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Faites mes baissemains respectueuse,
To sentimental sister Susie,
An' honest Lucky; no to roose you,

Ye may be proud,
That sic a couple fate allows ye

To grace your blood.

Nae mair at present can I measure,
An' trowth my rhymin’ ware's nae treasure ;
But when in Ayr, some half hour's leisure,

Be't light, be't dark,
Sir Bard will do himself the pleasure

To call at Park.

ROBERT BURNS. Mossgiel, 30th October, 1786.


HERE lies a rose, a budding rose,

Blasted before its bloom ;
Whose innocence did sweets disclose

Beyond that flower's perfume.
To those who for her loss are grieved,

This consolation's given-
She's from a world of woe relieved,

And blooms a rose in Heaven.


HERE Brewer Gabriel's fire's extinct,

And empty all his barrels :
He's blest—if, as he brew'd, he drink

In upright honest morals.


HERE Stuarts once in glory reign'd,
And laws for Scotland's weal ordain'd;
But now unroof'd their palace stands,
Their sceptre's sway'd by other hands;
The injured Stuart line is gone,
A race outlandish fills their throne.
An idiot race to honour lost,
Who know them best, despise them most.




RASH mortal, and slanderous poet, thy name
Shall no longer appear in the records of fame ;
Dost not know that old Mansfield, who writes like

the Bible, Says the more 'tis a truth, sir, the more 'tis a libel ?


LIKE Esop's lion, Burns says, sore I feel
All others scorn-but damn that ass's heel.



In this strange land, this uncouth clime,
A land unknown to prose or rhyme;
Where words ne'er crost the Muse's heckles,
Nor limpit in poetic shackles;
A land that prose did never view it,
Except when drunk he stacher't through it;
Here, ambush'd by the chimla cheek,
Hid in an atmosphere of reek,
I hear a wheel thrum i' the neuk,
I hear it-for in vain I leuk.-
The red peat gleams, a fiery kernel,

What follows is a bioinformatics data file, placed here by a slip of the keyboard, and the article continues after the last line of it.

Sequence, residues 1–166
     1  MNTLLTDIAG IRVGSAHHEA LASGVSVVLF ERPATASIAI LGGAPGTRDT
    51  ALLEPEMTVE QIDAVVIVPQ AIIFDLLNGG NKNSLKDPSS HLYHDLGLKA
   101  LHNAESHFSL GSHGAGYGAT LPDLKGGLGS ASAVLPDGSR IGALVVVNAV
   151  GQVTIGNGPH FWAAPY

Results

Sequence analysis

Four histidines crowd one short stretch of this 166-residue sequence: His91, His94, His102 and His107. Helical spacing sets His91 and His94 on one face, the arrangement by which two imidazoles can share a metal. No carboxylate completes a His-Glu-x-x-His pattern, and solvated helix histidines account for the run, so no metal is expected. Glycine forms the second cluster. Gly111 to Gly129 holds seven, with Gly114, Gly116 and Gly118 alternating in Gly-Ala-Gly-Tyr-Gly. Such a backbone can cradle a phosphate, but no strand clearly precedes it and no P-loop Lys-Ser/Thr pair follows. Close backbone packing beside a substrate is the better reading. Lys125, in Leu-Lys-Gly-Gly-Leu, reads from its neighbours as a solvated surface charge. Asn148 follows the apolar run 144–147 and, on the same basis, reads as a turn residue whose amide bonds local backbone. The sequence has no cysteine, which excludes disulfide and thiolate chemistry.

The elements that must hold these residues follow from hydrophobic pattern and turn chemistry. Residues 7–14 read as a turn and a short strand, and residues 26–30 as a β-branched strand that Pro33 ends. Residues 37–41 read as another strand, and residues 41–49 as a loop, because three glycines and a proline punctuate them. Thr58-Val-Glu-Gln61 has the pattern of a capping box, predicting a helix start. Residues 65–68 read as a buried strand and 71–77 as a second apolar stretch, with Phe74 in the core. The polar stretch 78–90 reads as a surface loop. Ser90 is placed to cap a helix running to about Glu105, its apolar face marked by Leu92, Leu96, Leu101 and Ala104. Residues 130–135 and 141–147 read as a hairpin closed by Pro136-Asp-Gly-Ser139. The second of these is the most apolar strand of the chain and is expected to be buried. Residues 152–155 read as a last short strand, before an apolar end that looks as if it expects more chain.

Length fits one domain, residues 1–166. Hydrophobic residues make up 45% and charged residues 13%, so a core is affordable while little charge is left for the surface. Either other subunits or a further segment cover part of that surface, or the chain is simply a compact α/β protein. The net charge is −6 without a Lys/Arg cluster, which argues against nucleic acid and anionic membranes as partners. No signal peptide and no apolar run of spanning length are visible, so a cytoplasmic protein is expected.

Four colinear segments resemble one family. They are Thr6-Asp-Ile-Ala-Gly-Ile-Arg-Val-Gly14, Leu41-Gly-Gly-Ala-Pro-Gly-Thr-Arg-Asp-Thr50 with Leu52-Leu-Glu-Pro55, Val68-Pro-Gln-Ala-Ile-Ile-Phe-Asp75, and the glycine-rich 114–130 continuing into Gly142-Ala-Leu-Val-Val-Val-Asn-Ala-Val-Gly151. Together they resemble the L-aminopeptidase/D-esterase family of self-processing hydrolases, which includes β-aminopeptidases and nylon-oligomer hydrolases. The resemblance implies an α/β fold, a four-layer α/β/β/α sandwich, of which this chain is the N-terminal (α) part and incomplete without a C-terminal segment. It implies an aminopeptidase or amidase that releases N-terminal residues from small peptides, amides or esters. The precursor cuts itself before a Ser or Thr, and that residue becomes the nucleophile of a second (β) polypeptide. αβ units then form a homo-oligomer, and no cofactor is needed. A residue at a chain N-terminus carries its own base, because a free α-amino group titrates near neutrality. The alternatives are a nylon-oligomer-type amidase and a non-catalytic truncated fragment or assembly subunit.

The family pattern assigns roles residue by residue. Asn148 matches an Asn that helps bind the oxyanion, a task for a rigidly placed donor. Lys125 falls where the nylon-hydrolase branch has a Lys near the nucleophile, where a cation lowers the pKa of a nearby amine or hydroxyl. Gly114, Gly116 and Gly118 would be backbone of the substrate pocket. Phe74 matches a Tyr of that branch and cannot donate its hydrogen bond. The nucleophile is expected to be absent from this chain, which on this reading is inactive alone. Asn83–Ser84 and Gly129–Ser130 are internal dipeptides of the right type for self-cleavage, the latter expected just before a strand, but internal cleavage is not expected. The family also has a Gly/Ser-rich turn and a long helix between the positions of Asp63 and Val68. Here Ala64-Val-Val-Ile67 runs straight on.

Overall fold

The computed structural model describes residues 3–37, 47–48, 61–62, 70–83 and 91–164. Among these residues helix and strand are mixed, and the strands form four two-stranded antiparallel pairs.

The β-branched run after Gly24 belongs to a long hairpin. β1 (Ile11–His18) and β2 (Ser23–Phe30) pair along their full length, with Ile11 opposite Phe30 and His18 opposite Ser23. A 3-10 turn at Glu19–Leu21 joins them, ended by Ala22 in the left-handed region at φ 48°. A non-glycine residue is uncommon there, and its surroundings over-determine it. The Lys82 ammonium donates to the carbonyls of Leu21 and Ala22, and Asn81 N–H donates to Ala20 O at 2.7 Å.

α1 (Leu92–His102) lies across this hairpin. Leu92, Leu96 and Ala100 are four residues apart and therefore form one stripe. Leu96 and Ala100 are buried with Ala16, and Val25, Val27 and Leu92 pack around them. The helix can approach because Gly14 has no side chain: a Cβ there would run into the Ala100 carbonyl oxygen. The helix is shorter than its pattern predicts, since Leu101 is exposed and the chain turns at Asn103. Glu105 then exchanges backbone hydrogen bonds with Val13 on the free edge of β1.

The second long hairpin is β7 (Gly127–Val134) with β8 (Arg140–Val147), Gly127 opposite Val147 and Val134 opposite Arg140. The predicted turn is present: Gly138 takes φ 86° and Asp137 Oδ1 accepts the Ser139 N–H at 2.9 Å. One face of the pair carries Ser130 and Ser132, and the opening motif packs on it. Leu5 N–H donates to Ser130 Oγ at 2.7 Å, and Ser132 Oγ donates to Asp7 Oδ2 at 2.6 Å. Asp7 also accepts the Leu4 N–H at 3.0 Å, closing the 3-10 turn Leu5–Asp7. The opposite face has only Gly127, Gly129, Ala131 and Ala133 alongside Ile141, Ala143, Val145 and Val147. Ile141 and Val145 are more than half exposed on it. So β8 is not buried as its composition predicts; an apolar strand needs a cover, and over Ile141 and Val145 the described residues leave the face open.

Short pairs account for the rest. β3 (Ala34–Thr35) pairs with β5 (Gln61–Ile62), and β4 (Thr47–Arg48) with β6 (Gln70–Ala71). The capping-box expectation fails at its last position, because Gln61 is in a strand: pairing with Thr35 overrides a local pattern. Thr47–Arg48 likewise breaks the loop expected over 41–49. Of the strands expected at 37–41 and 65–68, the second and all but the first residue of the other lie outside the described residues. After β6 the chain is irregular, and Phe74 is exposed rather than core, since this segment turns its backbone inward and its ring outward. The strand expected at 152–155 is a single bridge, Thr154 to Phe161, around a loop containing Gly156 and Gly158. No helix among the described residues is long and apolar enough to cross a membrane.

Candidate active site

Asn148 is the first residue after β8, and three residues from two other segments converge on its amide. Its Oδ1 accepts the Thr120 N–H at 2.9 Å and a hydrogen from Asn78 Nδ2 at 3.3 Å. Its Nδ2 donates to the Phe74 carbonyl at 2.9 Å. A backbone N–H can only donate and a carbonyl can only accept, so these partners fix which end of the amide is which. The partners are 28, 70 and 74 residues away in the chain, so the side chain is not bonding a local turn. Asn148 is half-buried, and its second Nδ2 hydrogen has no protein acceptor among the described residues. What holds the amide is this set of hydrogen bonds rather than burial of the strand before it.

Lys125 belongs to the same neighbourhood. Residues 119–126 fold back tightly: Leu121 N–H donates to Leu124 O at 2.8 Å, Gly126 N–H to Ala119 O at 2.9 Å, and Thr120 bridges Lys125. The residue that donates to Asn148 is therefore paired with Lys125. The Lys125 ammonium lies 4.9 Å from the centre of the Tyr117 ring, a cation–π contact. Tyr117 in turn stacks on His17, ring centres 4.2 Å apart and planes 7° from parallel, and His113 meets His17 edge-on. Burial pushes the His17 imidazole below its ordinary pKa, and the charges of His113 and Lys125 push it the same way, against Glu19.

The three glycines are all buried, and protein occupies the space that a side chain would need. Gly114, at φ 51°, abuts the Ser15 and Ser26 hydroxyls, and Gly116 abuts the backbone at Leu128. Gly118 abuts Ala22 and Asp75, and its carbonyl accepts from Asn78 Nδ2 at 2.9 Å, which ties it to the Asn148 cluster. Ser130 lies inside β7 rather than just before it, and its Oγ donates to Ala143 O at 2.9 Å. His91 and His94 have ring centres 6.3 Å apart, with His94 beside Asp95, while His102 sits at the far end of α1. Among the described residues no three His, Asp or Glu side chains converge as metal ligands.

Enhusked by a fog infernal :
Here, for my wonted rhyming raptures,
I sit and count my sins by chapters ;
For life and spunk like ither Christians,
I'm dwindled down to mere existence,
Wi' nae converse but Gallowa' bodies,
Wi' nae kend face but Jenny Geddes.
Jenny, my Pegasean pride!
Dowie she saunters down Nithside,
And ay a westlin leuk she throws,
While tears hap o'er her auld brown nose !
Was it for this, wi' canny care,
Thou bure the Bard through many a shire ?
At howes or hillocks never stumbled,
And late or early never grumbled ?-
O, had I power like inclination,
I'd heeze thee up a constellation,
To canter with the Sagitarre,
Or loup the ecliptic like a bar ;

Or turn the pole like any arrow ;
Or, when auld Phoebus bids good-morrow,
Down the zodiac urge the race,
And cast dirt on his godship's face ;
For I could lay my bread and kail
He'd ne'er cast saut upo' thy tail.–
Wi' a' this care and a' this grief,
And sma’, sma’ prospect of relief,
And nought but peat reek i' my head,
How can I write what ye can read ?-
Tarbolton, twenty-fourth of June,
Ye'll find me in a better tune ;
But till we meet and weet our whistle,
Tak this excuse for nae epistle.




LONG life, my Lord, an' health be yours,
Unskaith'd by hunger'd Highland boors ;
Lord grant nae duddie desperate beggar,
Wi' dirk, claymore, or rusty trigger,
May twin auld Scotland o' a life
She likesmas lambkins like a knife.
Faith, you and Applecross were right
To keep the Highland hounds in sight,
I doubt na'! they wad bid nae better
Than let them ance out owre the water
Than up amang thae lakes and seas
They'll mak' what rules and laws they please ;
Some daring Hancocke, or a Franklin,
May set their Highland bluid a ranklin';

Some Washington again may head them,
Or some Montgomery fearless lead them,
Till God knows what may be effected
When by such heads and hearts directed-
Poor dunghill sons of dirt and mire
May to Patrician rights aspire !
Nae sage North, now, nor sager Sackville,
To watch and premier o'er the pack vile,
An' whare will ye get Howes and Clintons
To bring them to a right repentance,
To cowe the rebel generation,
An' save the honour o'the nation ?
They an' be d-d! what right hae they
To meat or sleep, or light o' day!
Far less to riches, pow'r, or freedom,
But what your lordship likes to gie them?

But hear, my lord ! Glengarry, hear!
Your hand's owre light on them, I fear;
Your factors, grieves, trustees, and bailies,
I canna’ say but they do gaylies ;
They lay aside a' tender mercies,
An' tirl the hallions to the birses;
Yet while they're only poind't and herriet,
They'll keep their stubborn Highland spirit ;
But smash them ! crash them a' to spails !
An' rot the dyvors i' the jails !
The young dogs, swinge them to the labour !
Let wark an' hunger mak' them sober !
The hizzies, if they're aughtlins fawsont,
Let them in Drury-lane be lesson'd!
An' if the wives an' dirty brats
E’en thigger at your doors an' yetts
Flaffan wi' duds an' grey wi' beas',

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